Stewart Lynch, of Hastings, Lynch & Taylor, Wilmington, for plaintiffs.
Robert H. Richards, Jr., of Richards, Layton & Finger, Wilmington, for defendant.
[37 Del.Ch. 349] SEITZ, Chancellor.
Plaintiffs, who are sisters, each own 25% of the stock of the defendant corporation while their brother, Henry Kritzer, Sr., owns 50% of the stock. It is conceded that for the last four annual meetings there has been a failure to elect directors because of an evenly divided vote of the stockholders. This is the story of the two sisters versus the brother.
Plaintiffs have filed a petition for the appointment of a receiver for the defendant corporation under 8 Del.C. § 226 which provides as follows:
'Whenever, by reason of an equally divided vote of the stockholders, there shall be a failure to elect directors, and such failure for such reason shall exist at two successive annual elections, or if there shall be a failure to elect directors by reason of an equally divided vote at an election held in accordance with section 224 of this title, the Court of Chancery, on application of any stockholder, may appoint one or more persons to be receivers of and for such corporation, with all the powers and title of a receiver appointed under section 291 of this title and, in addition thereto, the power to continue the corporate business until otherwise ordered by the Court.'
At the close of plaintiffs' evidence defendant moved to dismiss the action. The court decided to take the matter under advisement at that stage with the agreement of the parties. This is the decision thereon.
I note, preliminarily, that our statute provides for either an operating or a liquidating receiver. Plaintiffs do not say which is desired.
Plaintiffs make two contentions. They first assert that the mere showing of a failure to elect directors for two successive annual elections because of an equally divided vote of the stockholders, in and of itself, requires the court to appoint a receiver. Defendant challenges this construction of the statute, pointing out that the statute uses the word 'may' appoint a receiver.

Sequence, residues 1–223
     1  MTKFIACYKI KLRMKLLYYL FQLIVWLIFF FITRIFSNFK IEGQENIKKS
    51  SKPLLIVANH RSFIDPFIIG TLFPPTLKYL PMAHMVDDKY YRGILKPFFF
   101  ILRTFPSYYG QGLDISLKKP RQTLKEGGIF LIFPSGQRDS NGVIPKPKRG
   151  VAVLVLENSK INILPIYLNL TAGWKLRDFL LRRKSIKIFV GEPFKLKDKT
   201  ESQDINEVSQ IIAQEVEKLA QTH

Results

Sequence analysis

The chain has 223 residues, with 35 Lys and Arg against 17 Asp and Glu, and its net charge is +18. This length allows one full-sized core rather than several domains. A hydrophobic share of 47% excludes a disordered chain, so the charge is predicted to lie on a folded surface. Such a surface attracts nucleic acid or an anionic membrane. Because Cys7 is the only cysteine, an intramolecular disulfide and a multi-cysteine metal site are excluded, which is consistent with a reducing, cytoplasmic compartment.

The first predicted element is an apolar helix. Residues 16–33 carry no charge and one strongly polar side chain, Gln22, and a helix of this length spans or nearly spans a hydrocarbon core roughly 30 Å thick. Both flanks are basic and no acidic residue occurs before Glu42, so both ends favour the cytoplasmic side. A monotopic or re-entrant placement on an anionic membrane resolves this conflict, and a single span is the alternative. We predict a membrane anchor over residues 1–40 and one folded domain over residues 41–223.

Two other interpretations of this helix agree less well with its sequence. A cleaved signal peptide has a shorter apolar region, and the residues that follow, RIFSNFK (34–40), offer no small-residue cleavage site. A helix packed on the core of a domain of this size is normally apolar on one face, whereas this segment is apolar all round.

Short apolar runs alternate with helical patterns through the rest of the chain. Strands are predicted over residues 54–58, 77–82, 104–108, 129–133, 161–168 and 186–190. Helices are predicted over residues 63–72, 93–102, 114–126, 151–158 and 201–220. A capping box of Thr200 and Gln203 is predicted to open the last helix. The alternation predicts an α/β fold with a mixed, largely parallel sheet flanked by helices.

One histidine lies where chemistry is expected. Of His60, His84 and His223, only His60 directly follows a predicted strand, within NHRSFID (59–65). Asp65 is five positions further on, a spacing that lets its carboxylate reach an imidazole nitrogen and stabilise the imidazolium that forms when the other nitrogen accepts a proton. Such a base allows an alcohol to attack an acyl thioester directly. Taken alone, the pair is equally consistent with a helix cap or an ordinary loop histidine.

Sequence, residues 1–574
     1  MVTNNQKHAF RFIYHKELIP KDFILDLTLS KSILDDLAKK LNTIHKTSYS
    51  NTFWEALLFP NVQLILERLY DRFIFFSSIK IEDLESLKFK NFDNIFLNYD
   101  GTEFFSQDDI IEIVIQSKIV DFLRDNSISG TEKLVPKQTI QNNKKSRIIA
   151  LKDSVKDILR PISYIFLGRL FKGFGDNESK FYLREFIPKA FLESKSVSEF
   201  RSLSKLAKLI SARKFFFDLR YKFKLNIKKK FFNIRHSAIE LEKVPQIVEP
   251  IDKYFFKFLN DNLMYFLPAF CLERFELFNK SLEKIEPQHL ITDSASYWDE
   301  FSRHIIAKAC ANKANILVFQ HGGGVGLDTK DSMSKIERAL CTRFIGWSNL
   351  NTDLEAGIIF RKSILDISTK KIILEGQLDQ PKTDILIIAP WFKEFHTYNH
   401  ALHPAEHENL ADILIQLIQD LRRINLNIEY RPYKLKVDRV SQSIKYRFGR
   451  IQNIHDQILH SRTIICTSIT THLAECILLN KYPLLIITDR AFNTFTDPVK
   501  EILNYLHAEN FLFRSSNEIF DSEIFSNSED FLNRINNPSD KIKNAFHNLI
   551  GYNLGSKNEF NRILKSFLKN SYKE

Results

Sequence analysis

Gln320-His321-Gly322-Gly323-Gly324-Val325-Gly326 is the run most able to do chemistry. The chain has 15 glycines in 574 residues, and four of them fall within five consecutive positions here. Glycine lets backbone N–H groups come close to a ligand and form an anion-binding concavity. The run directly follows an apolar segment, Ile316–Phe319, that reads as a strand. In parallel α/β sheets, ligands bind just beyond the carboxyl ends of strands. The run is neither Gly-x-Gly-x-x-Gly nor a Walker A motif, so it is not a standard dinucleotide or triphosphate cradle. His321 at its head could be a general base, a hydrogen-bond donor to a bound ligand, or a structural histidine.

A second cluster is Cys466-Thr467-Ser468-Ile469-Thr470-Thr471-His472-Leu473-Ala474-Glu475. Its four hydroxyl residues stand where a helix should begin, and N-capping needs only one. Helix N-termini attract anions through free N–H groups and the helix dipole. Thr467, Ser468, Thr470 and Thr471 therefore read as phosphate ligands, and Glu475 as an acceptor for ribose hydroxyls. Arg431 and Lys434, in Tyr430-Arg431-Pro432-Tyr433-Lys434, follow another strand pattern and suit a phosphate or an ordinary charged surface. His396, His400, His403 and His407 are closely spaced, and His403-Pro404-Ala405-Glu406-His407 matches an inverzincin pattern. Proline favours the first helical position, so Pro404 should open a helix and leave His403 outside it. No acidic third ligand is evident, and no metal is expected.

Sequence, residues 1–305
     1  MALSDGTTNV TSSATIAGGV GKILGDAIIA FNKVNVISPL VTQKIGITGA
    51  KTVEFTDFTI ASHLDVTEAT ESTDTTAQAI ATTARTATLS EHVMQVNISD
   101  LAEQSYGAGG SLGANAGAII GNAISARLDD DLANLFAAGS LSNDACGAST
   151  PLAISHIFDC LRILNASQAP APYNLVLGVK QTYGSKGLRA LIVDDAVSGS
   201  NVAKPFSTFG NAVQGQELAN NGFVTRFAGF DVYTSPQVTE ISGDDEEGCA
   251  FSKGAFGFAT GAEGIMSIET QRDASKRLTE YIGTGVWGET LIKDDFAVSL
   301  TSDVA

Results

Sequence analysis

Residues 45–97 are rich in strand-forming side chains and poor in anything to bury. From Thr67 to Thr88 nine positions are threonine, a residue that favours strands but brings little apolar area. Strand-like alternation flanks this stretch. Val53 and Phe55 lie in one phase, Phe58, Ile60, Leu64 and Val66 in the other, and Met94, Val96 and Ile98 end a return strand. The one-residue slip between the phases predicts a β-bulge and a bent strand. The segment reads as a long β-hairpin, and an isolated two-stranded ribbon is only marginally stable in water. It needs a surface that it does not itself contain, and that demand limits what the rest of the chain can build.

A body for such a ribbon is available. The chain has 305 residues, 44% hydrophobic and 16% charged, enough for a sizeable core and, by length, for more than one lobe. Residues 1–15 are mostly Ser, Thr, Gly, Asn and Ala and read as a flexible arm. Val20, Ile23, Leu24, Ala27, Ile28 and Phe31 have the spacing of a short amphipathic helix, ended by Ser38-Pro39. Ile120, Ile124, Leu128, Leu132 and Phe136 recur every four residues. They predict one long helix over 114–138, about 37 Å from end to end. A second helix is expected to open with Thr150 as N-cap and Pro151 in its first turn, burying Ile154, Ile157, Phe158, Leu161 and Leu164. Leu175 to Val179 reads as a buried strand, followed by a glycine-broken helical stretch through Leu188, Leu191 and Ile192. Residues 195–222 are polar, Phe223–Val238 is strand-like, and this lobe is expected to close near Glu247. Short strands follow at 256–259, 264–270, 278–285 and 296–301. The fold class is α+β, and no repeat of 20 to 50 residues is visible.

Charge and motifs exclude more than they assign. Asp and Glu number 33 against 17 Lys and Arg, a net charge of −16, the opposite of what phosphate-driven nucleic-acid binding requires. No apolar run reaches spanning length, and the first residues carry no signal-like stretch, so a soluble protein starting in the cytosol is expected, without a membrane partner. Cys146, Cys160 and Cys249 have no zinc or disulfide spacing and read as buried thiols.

[37 Del.Ch. 350] I am satisfied that defendant's suggested construction of the statute is correct. If the appointment were intended to be automatic and not within the court's discretion there was no reason to use the permissive word 'may' rather than the mandatory 'shall'. It will be noticed that under 8 Del.C. § 291, dealing with the power of the court to appoint receivers for insolvent corporations, the permissive 'may' is employed. This has been held on many occasions to give the court a discretionary power even though insolvency exists. See Noble v. European Mortgage and Investment Corp.,19 Del.Ch. 216, 165 A. 157; Banks v. Cristina Copper Mines, Inc., Del.Ch.,99 A.2d 504. By parity of reasoning, particularly where the drastic receivership remedy is involved, a bare showing of failure to elect directors for two successive annual meetings because of stockholder deadlock is not sufficient to require the court to appoint a receiver, under the language of the statute. I so conclude. See Hornstein, A Remedy For Corporate Abuse, 40 Col.L.R. 220, 230-231.
I next consider plaintiffs' contention that the evidence adduced in addition to the showing of a failure to elect directors is sufficient to move the court's discretion in favor of an appointment unless the defendant goes forward with its proof. Defendant contends that the evidence produced by plaintiffs, taken in its best light, should not move the Chancellor to exercise his discretion in favor of an appointment of a receiver under the statute.